From the March issue: Back-end listings systems for residential firms has long been the domain of two firms: RealPlus and On-Line Residential. But with a slew of new venture-backed competitors such as Perchwell and Nestio breaking onto the scene, the landscape is shifting.
Amid the changing market, The Real Deal decided to take a quick look at RealPlus: Founded in 1987, it was the first company to enter New York’s residential listings game at a time when brokers shared listings via fax or snail mail.
Using IBM software, RealPlus began to streamline that process by building listings databases for firms. Then once a day, companies would fax their updated listings to a distribution list made up of other firms.
In 2002, RealPlus overhauled its business when it launched a shared electronic listing exchange dubbed R.O.L.E.X. to pipe listings between REBNY’s member firms. (R.O.L.E.X. was free, but firms paid for interfaces like RealPlus and OLR to access those listings.)
Now, if a broker at one firm entered a listing into the system, agents at other firms would be able to quickly access it and start showing it to buyers.
But in 2013, REBNY tapped Katonah, New York-based Stratus Data Systems to launch the RLS — replacing R.O.L.E.X. with a newer model.
The changeover was rocky.
Five years later, R.O.L.E.X. still exists, but it’s not partnered with REBNY so it’s only used by RealPlus clients, who are charged roughly $100 to $150 per month for each of their agents, said Eric Gordon, founder of RealPlus. And, it sends its clients’ listings to the RLS, which then feeds those listings industrywide.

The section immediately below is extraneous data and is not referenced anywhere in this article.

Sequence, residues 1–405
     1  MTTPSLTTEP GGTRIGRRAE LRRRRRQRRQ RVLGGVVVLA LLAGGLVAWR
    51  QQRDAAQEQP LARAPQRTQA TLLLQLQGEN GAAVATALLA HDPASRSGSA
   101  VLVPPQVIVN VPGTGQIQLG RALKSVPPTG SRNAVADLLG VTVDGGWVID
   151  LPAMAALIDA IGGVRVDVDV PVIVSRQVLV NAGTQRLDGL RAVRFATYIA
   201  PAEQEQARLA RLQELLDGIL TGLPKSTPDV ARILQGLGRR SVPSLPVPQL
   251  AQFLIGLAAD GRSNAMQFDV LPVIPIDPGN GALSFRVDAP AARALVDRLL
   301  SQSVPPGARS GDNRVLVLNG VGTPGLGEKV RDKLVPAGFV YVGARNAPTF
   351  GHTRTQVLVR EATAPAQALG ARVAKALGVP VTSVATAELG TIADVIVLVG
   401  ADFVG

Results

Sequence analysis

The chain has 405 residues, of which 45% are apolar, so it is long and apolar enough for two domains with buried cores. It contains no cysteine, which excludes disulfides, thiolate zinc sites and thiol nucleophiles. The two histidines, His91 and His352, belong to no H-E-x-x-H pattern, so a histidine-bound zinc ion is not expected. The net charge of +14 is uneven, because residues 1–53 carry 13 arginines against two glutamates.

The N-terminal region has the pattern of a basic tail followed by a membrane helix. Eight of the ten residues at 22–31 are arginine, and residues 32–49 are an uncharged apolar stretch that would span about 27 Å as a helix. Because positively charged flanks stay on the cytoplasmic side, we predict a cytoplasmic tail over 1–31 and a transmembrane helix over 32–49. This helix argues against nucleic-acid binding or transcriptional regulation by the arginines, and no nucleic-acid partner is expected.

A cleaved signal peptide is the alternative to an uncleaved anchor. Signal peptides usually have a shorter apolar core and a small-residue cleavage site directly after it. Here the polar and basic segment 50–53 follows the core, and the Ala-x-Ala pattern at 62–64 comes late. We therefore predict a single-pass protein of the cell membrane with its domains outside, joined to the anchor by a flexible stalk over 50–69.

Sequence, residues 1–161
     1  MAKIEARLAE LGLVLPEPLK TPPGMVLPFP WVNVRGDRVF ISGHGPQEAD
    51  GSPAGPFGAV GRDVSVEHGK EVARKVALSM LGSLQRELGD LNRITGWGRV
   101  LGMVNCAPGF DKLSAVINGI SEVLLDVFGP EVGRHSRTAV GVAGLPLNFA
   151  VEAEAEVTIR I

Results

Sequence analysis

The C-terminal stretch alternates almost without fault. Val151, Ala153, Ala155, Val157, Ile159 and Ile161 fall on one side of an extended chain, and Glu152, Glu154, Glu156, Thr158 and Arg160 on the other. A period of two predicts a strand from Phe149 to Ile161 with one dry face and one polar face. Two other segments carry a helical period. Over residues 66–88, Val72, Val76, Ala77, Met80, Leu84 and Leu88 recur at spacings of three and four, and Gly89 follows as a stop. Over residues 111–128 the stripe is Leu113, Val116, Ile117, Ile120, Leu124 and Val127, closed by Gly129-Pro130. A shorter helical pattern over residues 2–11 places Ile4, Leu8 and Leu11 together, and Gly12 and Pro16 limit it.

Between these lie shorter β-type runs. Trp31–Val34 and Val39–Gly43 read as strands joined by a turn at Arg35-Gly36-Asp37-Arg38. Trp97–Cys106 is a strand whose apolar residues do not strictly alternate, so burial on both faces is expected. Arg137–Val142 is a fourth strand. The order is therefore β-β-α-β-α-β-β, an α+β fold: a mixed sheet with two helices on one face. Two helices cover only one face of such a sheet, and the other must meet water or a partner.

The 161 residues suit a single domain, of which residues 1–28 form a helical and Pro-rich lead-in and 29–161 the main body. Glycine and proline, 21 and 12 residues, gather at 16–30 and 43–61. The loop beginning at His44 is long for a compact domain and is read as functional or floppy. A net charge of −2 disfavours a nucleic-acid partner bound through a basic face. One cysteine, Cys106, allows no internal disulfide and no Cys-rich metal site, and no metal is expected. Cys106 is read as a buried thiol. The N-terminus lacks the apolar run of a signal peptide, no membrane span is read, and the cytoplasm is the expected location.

But as the environment has grown more competitive in the last year, Gordon has hired more engineers and designers, doubling his staff to around 17. He’s also updated his offerings with mobile apps and other tools.
“We’re forced to do what we have to so we can compete,” he said.
Before last month, its four largest clients were BHS, Halstead, Stribling & Associates and Sotheby’s. But Stribling and Sotheby’s have since jumped to Perchwell, while BHS stopped using RealPlus and instead had Gordon build it a proprietary system called Resource. (Citi Habitats, which once used RealPlus to help manage rental listings, moved that job in-house last year.)
“There are changes that are coming, for sure,” said Gordon. “We have to come up with other ways of keeping relevant.”
RealPlus has, for example, added features to its system to ensure that the RLS (and aggregators) have real-time updates to listings.
“It used to be OK for a listing to be entered at 1 p.m. and show up on syndication sites at 5 p.m.,” said Gordon. “Not anymore.”